Article 10 of the Florida Constitution limits (caps) annual increases in assessed value of homestead property to a maximum of three percent or the change in the Consumer Price Index, whichever is lower. No assessment shall exceed current fair market value. This limitation applies only to property value, not property taxes.

If the property is sold, caps and exemptions are removed at the end of the calendar year. Taxes for the following year are then calculated on the full just value. The property will benefit from the limitations of the Save Our Homes cap in the second year of the new owner’s homestead exemption. For example, if a property owner applies for and receives homestead exemption for 2021, the Assessed Value will be capped in 2022. When determining taxable value, exemptions are subtracted from the assessed value. The taxable value is then multiplied by the annual millage rate to determine the amount of tax due.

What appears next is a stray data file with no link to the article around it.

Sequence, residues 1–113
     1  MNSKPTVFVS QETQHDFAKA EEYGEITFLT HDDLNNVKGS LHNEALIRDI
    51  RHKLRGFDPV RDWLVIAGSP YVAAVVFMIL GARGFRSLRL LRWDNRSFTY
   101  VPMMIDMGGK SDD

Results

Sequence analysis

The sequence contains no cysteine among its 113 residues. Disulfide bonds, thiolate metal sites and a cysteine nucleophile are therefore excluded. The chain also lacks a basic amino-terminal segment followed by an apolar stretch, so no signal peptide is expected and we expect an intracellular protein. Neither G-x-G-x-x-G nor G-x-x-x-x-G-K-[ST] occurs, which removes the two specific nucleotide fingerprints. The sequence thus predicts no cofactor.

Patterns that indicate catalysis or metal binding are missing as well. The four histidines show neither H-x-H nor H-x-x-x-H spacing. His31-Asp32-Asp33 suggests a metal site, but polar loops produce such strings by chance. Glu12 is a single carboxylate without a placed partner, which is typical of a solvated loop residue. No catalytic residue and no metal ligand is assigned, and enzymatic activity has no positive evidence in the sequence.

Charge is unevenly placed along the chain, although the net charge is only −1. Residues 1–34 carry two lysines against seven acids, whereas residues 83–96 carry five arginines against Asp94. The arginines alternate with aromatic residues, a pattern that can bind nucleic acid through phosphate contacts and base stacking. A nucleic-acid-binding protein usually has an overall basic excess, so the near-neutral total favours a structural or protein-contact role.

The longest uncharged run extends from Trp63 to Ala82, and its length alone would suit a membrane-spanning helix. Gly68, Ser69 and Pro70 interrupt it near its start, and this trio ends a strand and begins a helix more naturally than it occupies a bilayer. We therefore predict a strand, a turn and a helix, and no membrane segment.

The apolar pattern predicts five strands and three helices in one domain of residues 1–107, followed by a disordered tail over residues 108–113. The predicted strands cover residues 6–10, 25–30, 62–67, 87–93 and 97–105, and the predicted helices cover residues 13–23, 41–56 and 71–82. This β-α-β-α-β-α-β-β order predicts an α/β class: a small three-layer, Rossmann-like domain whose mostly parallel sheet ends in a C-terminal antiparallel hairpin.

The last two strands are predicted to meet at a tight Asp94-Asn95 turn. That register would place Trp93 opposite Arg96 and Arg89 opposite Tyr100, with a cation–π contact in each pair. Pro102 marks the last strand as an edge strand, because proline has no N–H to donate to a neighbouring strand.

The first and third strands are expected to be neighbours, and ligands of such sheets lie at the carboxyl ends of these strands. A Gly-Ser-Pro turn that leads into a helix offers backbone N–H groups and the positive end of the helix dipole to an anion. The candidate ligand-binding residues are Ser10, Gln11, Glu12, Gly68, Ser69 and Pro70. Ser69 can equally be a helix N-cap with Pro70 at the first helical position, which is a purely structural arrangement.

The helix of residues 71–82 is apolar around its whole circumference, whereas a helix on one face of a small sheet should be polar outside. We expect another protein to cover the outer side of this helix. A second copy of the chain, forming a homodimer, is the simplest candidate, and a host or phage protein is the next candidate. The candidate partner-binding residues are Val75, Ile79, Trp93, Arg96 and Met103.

A change in property ownership resets the capped value to full assessed value. The increase due to the removal of the cap may substantially increase taxes, depending on how long the previous owner had homestead exemption.

The cap does not apply to properties that are not homesteads. Multi-family properties may qualify based on percentage of use. For example, if you own a duplex, live in one half and rent the other half to a tenant, only 1/2 of your property value will be capped.

The cap remains in effect upon the change of title due to divorce or death of a spouse if the remaining owner continues to live on the property as their permanent address.